Bear with me for a second – I obviously do not mean that literally. But at the same time, it wasn’t really strictly literally back then either. As Christina Romer puts it, what we needed back then and what we need now is a regime shift – while the precise nature of that regime shift is considerably less important. What the gold standard did was essentially limit the ability of central banks – which in many cases back then hadn’t even existed for all that long – to ease monetary policy when times most required it. In other words, it was a monetary regime that might work fairly well as long as everything else works fairly well. Put differently, it works at times when we might be just fine having no central bank at all to begin with. In that sense, the current strict inflation target by the ECB in particular (but also inflation targeting in general, as many other central banks around the world face similar issues) is actually remarkably similar, even if it does represent a vast improvement. The Fed’s fairly sluggish action in late 2007 and the beginning of 2008 was in large part due to fears of rising headline inflation. The ECB’s failure to act now is largely due to overall inflation in Europe remaining fairly stable – even while unemployment keeps rising and rising. Back in the 30s, central banks were held back by the supply of a metal the worth of which, for most intents and purposes, has baffled economist for centuries. Today’s central banks are held back by a basically randomly chosen number linked to a just as arbitrary basket of goods and services that is supposed to stabilize the overall economy – and yet has proven not to do so when needed the most.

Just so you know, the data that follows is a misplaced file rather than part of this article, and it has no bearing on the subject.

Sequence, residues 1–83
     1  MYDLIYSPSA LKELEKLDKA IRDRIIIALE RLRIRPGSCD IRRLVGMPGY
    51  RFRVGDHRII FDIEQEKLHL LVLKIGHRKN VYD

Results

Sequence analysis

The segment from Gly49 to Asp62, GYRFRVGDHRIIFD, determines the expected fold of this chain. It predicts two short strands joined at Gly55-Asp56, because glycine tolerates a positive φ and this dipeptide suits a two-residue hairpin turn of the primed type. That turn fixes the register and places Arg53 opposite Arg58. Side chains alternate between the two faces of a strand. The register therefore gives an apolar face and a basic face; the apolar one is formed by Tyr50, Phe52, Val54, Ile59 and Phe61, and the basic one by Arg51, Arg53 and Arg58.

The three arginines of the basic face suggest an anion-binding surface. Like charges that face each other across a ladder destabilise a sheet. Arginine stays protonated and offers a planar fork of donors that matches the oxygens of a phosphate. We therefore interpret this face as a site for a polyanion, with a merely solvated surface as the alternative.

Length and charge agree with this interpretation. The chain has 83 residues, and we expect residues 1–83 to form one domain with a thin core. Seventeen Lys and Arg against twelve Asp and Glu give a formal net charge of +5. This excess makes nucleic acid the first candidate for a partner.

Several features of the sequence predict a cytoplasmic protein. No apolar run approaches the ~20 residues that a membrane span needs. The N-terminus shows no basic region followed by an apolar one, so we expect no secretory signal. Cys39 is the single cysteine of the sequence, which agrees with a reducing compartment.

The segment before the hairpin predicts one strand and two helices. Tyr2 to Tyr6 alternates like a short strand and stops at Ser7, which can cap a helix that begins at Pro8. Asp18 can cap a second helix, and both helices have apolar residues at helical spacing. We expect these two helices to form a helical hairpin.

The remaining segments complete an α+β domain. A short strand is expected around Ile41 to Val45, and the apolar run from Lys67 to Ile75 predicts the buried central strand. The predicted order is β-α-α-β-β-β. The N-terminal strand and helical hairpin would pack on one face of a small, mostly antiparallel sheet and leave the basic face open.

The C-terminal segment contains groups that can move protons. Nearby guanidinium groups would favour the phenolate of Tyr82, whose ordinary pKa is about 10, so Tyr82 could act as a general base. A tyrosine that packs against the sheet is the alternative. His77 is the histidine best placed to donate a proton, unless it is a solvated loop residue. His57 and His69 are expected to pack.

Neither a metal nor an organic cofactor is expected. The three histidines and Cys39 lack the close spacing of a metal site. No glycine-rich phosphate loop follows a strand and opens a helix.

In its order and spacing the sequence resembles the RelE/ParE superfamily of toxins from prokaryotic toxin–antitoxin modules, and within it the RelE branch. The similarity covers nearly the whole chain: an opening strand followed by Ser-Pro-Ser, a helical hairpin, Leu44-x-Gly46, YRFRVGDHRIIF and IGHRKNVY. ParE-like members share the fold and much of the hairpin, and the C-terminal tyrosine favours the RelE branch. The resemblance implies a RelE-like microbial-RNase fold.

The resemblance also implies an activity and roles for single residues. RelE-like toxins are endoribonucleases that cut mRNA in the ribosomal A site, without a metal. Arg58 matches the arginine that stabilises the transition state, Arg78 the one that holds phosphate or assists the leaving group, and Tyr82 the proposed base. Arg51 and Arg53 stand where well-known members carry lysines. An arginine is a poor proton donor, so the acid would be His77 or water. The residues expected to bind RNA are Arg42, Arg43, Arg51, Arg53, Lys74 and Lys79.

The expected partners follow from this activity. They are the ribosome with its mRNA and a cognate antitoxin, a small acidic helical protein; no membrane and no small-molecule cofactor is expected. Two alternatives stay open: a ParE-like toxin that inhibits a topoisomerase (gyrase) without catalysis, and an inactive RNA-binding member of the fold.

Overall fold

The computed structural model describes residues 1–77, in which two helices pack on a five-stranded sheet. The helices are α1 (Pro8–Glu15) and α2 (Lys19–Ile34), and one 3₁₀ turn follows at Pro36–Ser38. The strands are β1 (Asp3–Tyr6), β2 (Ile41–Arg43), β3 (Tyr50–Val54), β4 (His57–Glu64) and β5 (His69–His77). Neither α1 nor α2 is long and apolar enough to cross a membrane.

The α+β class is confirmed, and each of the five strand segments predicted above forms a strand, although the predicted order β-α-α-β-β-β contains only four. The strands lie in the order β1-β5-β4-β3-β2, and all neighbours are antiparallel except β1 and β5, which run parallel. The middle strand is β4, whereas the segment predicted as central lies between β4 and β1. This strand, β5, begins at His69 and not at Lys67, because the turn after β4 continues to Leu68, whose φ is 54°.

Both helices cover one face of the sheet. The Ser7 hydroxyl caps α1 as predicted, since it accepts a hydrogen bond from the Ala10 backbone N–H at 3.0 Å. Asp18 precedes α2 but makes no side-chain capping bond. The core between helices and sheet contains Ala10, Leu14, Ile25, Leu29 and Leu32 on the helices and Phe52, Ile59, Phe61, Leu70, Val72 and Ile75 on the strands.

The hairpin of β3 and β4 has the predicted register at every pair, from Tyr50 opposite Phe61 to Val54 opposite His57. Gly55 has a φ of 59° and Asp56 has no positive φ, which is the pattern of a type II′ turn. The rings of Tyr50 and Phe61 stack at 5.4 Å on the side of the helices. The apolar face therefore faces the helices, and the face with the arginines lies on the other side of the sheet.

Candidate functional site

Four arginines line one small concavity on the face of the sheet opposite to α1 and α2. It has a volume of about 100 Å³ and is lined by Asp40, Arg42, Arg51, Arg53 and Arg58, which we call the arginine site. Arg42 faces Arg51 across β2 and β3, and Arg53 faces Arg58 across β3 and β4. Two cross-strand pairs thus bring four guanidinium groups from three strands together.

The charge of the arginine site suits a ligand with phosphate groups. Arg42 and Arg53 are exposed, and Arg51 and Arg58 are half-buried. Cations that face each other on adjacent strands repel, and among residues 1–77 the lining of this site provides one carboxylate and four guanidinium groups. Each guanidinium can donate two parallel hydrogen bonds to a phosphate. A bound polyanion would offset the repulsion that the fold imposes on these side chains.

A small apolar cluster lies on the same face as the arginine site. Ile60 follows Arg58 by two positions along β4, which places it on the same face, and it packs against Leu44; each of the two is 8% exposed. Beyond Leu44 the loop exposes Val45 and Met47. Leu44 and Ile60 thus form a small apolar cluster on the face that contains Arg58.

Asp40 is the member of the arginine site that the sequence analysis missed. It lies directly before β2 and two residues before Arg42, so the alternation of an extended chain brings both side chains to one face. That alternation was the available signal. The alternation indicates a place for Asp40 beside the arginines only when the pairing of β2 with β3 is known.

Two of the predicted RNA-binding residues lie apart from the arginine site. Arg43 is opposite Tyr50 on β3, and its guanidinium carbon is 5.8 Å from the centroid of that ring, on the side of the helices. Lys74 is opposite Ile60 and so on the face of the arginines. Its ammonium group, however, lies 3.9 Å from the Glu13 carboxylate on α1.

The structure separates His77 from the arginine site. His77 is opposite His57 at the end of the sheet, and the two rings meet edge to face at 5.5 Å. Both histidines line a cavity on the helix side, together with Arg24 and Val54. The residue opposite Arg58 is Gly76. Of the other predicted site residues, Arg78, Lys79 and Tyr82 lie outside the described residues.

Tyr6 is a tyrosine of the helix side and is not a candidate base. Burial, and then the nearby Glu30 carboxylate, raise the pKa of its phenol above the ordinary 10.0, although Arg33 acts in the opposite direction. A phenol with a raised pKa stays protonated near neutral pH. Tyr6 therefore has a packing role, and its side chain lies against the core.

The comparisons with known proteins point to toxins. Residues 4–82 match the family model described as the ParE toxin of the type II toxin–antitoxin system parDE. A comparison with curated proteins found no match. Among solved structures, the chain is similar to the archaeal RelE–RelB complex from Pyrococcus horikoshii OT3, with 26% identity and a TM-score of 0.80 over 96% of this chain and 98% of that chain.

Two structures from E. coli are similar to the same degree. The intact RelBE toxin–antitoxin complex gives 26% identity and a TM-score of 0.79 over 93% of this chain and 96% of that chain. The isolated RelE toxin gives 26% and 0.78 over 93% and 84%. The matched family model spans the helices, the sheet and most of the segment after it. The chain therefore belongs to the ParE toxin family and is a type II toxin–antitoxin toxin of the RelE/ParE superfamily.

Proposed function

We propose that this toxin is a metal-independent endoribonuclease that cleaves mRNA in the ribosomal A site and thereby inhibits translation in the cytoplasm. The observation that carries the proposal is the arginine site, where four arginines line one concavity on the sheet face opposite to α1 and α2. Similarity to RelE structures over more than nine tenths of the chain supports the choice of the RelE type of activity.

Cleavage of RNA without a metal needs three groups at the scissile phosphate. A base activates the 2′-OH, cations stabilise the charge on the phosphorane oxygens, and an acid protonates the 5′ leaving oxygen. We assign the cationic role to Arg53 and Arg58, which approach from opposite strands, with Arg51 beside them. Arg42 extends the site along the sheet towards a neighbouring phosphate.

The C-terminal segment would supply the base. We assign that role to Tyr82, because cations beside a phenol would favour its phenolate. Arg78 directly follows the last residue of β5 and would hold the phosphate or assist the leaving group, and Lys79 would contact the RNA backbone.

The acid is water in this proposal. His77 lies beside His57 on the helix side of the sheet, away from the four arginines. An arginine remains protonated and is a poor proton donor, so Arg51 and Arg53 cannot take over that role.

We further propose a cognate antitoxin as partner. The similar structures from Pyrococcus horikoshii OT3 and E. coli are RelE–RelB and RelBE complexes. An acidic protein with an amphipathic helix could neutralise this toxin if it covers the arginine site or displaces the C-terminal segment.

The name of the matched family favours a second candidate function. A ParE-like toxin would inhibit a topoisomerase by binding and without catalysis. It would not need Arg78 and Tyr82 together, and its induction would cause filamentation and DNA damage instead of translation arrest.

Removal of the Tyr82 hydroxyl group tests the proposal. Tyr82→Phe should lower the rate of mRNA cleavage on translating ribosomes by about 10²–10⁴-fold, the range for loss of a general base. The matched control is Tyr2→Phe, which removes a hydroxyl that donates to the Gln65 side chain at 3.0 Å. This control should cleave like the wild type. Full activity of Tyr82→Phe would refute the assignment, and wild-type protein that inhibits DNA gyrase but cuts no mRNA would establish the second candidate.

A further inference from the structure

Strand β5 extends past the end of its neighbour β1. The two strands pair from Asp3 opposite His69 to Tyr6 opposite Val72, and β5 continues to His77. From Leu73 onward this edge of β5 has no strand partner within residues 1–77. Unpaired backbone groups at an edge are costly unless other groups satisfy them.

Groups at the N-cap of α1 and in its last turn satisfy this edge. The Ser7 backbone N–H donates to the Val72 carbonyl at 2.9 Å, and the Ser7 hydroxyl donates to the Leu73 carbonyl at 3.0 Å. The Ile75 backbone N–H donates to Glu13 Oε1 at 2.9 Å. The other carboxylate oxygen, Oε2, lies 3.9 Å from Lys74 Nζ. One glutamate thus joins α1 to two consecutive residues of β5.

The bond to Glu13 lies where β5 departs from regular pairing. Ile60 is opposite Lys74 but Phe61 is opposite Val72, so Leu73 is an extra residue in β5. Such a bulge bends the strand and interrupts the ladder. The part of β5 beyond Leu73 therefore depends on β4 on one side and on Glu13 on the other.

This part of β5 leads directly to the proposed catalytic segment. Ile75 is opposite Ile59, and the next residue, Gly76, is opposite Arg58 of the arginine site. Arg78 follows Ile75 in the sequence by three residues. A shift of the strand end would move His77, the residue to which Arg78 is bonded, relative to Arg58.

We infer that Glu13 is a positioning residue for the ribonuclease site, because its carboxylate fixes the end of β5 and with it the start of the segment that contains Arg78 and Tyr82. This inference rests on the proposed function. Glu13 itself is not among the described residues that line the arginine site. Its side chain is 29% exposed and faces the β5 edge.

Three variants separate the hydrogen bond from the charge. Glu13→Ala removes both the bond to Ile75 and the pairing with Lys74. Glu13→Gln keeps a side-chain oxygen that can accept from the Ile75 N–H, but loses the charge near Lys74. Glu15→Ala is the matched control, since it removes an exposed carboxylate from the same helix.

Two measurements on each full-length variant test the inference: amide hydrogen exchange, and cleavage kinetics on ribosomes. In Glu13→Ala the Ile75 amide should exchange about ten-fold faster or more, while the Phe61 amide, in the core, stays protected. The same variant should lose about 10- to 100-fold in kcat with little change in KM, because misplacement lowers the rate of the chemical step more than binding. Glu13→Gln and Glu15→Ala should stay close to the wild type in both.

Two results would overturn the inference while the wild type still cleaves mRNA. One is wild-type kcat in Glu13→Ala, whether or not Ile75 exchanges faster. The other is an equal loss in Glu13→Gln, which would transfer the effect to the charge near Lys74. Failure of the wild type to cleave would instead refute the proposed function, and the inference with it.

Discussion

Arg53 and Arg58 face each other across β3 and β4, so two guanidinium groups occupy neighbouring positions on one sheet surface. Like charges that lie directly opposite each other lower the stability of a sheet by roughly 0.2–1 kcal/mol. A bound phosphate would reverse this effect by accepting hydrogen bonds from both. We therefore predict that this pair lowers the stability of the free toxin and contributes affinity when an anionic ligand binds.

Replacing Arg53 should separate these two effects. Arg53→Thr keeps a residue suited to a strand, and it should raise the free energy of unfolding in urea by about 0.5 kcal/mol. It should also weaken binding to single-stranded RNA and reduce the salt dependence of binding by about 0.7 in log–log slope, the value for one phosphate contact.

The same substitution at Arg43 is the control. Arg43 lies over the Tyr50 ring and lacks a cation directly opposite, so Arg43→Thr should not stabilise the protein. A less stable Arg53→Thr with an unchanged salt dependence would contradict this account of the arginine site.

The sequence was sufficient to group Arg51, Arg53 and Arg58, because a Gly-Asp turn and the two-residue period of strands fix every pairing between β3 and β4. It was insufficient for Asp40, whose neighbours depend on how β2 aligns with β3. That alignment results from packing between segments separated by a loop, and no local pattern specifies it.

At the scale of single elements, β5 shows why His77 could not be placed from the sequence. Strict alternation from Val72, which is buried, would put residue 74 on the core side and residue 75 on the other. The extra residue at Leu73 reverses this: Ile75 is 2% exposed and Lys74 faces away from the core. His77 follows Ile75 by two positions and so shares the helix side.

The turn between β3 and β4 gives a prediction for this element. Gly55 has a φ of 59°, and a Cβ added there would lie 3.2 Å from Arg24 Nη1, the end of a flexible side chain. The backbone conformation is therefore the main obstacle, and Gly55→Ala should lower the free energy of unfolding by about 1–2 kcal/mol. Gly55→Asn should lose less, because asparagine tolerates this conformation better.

As such, today, just as in the 1930s, what we need is for central banks to get rid of the chains that prevent them from doing their job when we need them the most. Let’s get off the gold standard. Not literally, of course – but it’s time, once again, to face the fact that our current way of doing things means, just as it did back then, strongly restrictive monetary policy when monetary policy should be loose. As pointed out by Katharina in the comments to one of my previous posts, having countries leave the Euro would of course be an option. I don’t think we have to go with the nuclear one though. Giving the ECB at least a dual mandate like that of the FED would be a start, if only a timid one. Nominal GDP targeting would certainly help as well.